Question 10. A rigid bar of mass 15 kg is supported symmetrically by three wires each 2.0 m long. Those at each end are of copper and the middle one is of iron. Determine the ratio of their diameters if each is to have the same tension.
The tension force acting on each wire is the same. Thus, the extension in each case is the same. Since the wires are of the same length, the strain will also be the same.
The relation for Young’s modulus is given as:
Y = Stress / Strain
= (F/A)/ Strain = (4F/πd2)/ Strain ….(i)
F = Tension force
A = Area of cross-section
d = Diameter of the wire
It can be inferred from equation (i) that Y ∝ (1/d2)
Young’s modulus for iron, Y1 = 190 × 109 Pa
Diameter of the iron wire = d1
Young’s modulus for copper, Y2 = 120 × 109 Pa
Diameter of the copper wire = d2
Therefore, the ratio of their diameters is given as:
Question 11. A 14.5 kg mass, fastened to the end of a steel wire of unstretched length 1.0 m, is whirled in a vertical circle with an angular velocity of 2 rev/s at the bottom of the circle. The cross-sectional area of the wire is 0.065 cm2. Calculate the elongation of the wire when the mass is at the lowest point of its path.
Mass, m = 14.5 kg
Length of the steel wire, l = 1.0 m
Angular velocity, ω = 2 rev/s = 2 × 2π rad/s = 12.56 rad/s
Cross-sectional area of the wire, a = 0.065 cm2 = 0.065 × 10-4 m2
Let Δl be the elongation of the wire when the mass is at the lowest point of its path.
When the mass is placed at the position of the vertical circle, the total force on the mass is:
F = mg + mlω2
= 14.5 × 9.8 + 14.5 × 1 × (12.56)2
= 2429.53 N
Young’s modulus = Strss / Strain
Y = (F/A) / (∆l/l)
∴ ∆l = Fl / AY
Young’s modulus for steel = 2 × 1011 Pa
∆l = 2429.53 × 1 / (0.065 × 10-4 × 2 × 1011) = 1.87 × 10-3 m
Hence, the elongation of the wire is 1.87 × 10–3 m.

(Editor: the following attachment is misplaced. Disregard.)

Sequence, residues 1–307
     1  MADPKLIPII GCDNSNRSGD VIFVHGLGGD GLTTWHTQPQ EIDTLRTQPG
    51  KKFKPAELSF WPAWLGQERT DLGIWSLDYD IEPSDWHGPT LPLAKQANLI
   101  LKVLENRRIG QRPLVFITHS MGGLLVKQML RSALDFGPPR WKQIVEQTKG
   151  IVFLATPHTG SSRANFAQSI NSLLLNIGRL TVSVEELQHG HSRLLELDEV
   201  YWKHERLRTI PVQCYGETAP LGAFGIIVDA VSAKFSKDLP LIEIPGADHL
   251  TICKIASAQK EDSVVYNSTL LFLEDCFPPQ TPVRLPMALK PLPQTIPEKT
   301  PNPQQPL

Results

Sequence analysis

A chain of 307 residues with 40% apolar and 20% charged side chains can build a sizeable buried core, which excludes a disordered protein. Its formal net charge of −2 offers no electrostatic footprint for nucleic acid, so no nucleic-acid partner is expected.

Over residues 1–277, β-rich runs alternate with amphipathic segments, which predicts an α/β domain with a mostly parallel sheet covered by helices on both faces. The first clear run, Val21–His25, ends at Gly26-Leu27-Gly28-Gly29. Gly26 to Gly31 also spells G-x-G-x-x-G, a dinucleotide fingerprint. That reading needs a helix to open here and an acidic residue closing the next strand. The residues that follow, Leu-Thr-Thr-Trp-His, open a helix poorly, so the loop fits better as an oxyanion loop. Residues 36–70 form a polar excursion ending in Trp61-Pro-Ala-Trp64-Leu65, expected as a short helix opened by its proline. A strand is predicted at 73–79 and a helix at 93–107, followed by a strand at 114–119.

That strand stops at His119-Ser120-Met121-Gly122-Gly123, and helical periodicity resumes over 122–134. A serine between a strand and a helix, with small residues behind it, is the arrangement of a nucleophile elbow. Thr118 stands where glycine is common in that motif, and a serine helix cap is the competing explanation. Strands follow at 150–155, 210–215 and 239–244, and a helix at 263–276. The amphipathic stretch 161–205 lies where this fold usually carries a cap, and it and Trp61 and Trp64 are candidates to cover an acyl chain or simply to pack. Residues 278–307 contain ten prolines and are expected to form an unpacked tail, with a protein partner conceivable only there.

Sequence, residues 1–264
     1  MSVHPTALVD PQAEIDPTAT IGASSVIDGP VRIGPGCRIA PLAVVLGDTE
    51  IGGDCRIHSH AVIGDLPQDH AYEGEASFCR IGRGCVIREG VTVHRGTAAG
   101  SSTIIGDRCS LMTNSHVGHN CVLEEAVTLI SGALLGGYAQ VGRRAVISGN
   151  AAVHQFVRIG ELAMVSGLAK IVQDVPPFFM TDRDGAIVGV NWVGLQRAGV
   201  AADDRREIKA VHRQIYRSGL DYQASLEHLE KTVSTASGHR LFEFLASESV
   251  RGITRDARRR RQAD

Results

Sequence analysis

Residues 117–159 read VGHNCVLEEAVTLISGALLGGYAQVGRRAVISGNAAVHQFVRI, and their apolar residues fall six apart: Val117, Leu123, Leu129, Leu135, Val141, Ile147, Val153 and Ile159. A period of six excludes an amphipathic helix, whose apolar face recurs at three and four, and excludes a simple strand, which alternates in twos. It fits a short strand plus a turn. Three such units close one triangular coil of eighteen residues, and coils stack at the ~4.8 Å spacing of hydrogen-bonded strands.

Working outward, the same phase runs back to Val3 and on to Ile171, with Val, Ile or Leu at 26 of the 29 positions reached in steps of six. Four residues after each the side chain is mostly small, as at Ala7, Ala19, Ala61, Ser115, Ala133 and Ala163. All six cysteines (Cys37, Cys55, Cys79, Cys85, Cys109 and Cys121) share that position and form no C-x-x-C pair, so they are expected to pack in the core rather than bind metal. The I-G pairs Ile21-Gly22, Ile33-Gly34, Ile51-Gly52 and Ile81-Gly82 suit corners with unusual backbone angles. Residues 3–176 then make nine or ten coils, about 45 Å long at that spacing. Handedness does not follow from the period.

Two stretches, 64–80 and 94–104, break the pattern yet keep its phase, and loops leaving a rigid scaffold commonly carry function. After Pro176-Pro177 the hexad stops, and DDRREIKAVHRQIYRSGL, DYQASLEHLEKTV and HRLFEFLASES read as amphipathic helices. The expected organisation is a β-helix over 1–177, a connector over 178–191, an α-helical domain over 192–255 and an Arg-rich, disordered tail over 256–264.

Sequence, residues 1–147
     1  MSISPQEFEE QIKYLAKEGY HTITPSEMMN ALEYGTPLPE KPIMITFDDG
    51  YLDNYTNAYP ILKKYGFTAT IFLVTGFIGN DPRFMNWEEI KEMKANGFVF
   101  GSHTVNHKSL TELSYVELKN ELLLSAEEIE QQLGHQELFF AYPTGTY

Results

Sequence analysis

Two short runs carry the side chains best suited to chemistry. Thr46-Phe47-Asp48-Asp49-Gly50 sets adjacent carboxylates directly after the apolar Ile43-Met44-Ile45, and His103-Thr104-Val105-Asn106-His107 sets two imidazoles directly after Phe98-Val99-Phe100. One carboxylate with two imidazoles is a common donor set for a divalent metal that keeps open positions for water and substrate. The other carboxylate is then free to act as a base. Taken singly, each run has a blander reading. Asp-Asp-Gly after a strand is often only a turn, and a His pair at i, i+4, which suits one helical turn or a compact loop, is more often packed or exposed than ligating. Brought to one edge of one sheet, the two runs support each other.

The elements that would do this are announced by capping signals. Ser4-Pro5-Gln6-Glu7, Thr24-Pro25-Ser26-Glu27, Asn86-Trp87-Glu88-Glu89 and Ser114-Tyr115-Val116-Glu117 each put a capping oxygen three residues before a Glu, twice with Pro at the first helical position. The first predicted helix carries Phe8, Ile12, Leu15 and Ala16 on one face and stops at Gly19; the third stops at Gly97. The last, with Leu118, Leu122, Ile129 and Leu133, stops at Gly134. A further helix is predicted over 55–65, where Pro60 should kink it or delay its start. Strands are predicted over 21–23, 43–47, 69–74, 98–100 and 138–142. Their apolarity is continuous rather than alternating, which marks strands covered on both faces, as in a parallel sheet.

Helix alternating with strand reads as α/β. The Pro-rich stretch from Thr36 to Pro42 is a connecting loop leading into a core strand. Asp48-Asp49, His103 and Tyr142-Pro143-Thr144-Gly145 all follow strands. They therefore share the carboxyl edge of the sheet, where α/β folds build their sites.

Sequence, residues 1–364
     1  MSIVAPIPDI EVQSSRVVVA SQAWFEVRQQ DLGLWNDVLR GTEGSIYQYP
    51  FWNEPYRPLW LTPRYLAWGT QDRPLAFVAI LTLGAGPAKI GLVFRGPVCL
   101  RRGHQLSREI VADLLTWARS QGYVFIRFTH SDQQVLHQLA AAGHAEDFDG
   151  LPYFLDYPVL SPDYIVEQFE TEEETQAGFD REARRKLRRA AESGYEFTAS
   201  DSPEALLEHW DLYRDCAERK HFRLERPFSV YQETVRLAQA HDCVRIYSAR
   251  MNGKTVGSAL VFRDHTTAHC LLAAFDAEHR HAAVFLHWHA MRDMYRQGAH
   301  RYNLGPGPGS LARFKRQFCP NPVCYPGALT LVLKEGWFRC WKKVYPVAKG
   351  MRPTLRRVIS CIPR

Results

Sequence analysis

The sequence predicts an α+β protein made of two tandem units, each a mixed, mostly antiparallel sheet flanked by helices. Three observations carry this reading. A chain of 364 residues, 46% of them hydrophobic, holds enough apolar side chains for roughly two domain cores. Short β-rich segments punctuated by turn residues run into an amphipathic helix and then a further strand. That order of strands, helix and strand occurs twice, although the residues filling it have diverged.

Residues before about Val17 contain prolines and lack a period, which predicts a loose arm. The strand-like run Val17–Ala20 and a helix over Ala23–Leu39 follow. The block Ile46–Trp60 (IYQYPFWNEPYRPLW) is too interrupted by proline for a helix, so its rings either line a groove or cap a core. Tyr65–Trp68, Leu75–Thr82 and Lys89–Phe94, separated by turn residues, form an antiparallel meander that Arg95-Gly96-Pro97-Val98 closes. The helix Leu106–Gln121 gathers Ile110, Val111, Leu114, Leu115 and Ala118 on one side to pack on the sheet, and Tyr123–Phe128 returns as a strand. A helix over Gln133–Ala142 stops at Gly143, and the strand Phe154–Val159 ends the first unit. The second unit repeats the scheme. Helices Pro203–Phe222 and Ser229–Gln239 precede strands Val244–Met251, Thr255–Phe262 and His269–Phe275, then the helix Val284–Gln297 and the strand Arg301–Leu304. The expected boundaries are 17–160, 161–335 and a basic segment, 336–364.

Question 12. Compute the bulk modulus of water from the following data: Initial volume = 100.0 litre, Pressure increase = 100.0 atm (1 atm = 1.013 × 105 Pa), Final volume = 100.5 litre. Compare the bulk modulus of water with that of air (at constant temperature). Explain in simple terms why the ratio is so large.
Initial volume, V1 = 100.0l = 100.0 × 10 –3 m3
Final volume, V2 = 100.5 l = 100.5 ×10 –3 m3
Increase in volume, ΔV = V2 – V1 = 0.5 × 10–3 m3
Increase in pressure, Δp = 100.0 atm = 100 × 1.013 × 105 Pa
Bulk modulus = Δp/ (ΔV/V1) = Δp × V1 / ΔV
= 100 × 1.013 × 105 × 100 × 10-3 / (0.5 × 10-3)
= 2.026 × 109 Pa
Bulk modulus of air = 1 × 105 Pa
∴ Bulk modulus of water / Bulk modulus of air = 2.026 × 109/ (1 × 105) = 2.026 × 104
This ratio is very high because air is more compressible than water.
Question13. What is the density of water at a depth where pressure is 80.0 atm, given that its density at the surface is 1.03 × 103 kg m–3?
Let the given depth be h.
Pressure at the given depth, p = 80.0 atm = 80 × 1.01 × 105 Pa
Density of water at the surface, ρ1 = 1.03 × 103 kg m–3
Let ρ2 be the density of water at the depth h.
Let V1 be the volume of water of mass m at the surface.
Let V2 be the volume of water of mass m at the depth h.
Let ΔV be the change in volume.
ΔV = V1 – V2
= m [ (1/ρ1) – (1/ρ2) ]
∴ Volumetric strain = ΔV / V1
= m [ (1/ρ1) – (1/ρ2) ] × (ρ1 / m)
ΔV / V1 = 1 – (ρ1/ρ2) ……(i)
Bulk modulus, B = pV1 / ΔV
ΔV / V1 = p / B
Compressibility of water = (1/B) = 45.8 × 10-11 Pa-1
∴ ΔV / V1 = 80 × 1.013 × 105 × 45.8 × 10-11 = 3.71 × 10-3 ….(ii)